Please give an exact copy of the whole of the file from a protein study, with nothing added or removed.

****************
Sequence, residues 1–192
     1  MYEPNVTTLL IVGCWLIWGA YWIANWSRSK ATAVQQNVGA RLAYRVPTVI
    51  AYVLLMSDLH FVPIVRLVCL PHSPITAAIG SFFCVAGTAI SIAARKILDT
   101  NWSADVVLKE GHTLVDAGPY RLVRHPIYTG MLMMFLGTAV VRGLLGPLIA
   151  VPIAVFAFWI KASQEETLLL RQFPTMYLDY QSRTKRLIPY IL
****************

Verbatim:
Sequence, residues 1–192
     1  MYEPNVTTLL IVGCWLIWGA YWIANWSRSK ATAVQQNVGA RLAYRVPTVI
    51  AYVLLMSDLH FVPIVRLVCL PHSPITAAIG SFFCVAGTAI SIAARKILDT
   101  NWSADVVLKE GHTLVDAGPY RLVRHPIYTG MLMMFLGTAV VRGLLGPLIA
   151  VPIAVFAFWI KASQEETLLL RQFPTMYLDY QSRTKRLIPY IL